There should be no problem with government exempting taxes on importation of goods or equipment for construction of hospitals, roads or any other public infrastructure. It is government that is ultimately responsible for footing these expenditures or at any rate, benefits from donors providing these structures. Without the exemption, government would be very inefficient in managing its cash flow since these are capital-intensive projects.

It would have used tax revenue already collected, to pay GRA for these taxes and end up reporting fresh tax revenue when GRA pays into the Consolidated Fund. That will be like moving money from the left pocket to the right. Exemptions on public projects only need scrutiny to ensure the items exempted are not diverted elsewhere and are used solely for the projects. What needs serious attention is the exemptions provided to the private sector.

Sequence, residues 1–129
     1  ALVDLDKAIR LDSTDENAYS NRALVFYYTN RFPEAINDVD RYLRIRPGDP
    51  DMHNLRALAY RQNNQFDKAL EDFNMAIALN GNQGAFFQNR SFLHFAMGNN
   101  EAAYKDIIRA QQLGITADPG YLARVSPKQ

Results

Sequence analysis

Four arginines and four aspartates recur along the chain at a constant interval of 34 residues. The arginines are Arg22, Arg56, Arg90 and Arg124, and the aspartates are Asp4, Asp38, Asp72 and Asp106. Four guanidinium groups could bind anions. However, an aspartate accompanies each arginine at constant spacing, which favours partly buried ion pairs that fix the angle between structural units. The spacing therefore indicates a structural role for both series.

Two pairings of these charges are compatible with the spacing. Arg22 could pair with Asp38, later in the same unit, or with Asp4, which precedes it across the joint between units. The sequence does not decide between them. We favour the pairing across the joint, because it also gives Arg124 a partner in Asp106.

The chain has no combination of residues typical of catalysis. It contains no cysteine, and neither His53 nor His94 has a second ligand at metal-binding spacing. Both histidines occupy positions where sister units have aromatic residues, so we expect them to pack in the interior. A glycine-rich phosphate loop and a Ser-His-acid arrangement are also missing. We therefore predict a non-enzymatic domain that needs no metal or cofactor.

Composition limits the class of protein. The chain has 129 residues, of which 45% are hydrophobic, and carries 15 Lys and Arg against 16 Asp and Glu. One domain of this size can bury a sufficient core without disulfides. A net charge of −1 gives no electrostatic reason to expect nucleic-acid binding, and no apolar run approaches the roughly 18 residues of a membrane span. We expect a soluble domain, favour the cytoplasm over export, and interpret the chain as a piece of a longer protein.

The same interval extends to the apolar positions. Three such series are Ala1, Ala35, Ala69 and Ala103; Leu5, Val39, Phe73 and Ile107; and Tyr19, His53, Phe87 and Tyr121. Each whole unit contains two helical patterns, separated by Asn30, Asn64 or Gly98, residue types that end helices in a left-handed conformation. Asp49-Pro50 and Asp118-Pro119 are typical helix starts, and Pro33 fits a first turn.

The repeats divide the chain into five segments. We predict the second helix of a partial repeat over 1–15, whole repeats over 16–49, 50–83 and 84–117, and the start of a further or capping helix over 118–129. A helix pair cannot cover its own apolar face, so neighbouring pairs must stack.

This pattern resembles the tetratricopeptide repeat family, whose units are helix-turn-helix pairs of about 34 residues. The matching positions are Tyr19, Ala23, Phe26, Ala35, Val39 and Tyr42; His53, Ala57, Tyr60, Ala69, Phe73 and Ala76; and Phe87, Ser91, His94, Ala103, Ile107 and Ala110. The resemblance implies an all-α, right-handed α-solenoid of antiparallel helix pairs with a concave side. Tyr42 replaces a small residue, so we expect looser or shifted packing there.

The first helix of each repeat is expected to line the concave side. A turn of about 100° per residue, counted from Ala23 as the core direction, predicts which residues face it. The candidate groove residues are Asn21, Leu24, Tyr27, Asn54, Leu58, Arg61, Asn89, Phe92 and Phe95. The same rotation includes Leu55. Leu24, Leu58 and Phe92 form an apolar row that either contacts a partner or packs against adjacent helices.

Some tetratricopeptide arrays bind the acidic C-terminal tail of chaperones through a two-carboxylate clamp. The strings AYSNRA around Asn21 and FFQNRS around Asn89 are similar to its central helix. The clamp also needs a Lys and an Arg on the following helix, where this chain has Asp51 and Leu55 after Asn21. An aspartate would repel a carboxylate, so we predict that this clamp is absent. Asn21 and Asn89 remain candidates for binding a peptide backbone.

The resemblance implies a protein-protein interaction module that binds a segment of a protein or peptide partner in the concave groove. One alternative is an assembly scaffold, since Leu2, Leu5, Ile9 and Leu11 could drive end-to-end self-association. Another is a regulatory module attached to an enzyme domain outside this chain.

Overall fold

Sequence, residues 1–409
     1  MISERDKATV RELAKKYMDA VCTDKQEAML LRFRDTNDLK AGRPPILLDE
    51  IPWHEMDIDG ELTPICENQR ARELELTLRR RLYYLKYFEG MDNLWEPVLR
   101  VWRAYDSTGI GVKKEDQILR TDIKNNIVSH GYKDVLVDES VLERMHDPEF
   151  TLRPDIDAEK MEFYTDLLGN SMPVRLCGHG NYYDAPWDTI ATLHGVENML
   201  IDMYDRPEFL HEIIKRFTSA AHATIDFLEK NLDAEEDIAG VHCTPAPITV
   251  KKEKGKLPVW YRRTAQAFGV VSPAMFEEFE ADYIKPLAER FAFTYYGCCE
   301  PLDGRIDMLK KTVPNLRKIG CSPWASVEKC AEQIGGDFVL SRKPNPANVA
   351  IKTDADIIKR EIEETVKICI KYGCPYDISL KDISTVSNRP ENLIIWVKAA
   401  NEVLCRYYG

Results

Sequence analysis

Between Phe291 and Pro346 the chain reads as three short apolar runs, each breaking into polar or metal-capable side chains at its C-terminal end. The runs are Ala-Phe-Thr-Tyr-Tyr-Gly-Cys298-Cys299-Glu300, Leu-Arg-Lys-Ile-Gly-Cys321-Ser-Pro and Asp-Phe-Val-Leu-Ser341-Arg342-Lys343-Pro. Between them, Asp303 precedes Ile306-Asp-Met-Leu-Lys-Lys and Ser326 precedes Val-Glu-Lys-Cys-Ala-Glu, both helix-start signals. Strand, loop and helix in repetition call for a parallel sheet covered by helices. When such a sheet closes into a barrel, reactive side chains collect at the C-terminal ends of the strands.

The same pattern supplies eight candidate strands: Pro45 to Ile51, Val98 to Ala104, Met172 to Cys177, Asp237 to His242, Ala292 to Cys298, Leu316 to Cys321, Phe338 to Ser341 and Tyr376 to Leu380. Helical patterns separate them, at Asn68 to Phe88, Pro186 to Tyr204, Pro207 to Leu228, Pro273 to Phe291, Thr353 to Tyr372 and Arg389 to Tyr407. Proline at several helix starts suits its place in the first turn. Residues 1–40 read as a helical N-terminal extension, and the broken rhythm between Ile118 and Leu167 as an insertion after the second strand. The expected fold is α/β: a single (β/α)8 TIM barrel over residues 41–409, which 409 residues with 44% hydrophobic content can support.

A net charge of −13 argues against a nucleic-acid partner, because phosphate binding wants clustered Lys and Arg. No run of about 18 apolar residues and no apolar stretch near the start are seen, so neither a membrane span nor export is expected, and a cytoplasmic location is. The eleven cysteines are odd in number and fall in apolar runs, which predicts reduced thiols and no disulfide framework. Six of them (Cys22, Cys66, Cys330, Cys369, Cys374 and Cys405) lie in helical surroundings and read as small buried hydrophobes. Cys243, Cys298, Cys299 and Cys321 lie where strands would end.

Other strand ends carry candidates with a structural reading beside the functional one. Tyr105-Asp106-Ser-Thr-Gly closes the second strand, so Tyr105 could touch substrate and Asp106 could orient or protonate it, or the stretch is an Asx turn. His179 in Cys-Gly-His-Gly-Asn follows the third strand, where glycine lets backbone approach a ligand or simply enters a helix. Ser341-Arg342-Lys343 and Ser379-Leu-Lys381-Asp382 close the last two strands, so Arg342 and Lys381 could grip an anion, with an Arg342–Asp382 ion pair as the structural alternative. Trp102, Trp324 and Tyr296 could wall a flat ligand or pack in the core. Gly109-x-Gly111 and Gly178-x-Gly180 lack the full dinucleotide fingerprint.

Private sector exemptions only make economic sense if government will reap benefits from the current exemptions. The concept of exempting a private business from import duties and taxes, company income tax and other levies is to enable them to have enough funds to invest now. The hope is that in the future, their investments will generate higher than normal profit that government can tax. They will also employ people and government will collect more employment taxes.

For those businesses that principally export, Ghana will earn foreign exchange. However, there is little evidence to suggest that private tax exemptions have achieved quicker results. These benefits will only crystallise if Ghana can reap them quicker than a normal business that has no exemption. Otherwise, government would just be providing a private shareholder with tax waivers, thereby discriminating against businesses in the same industry without the tax waivers.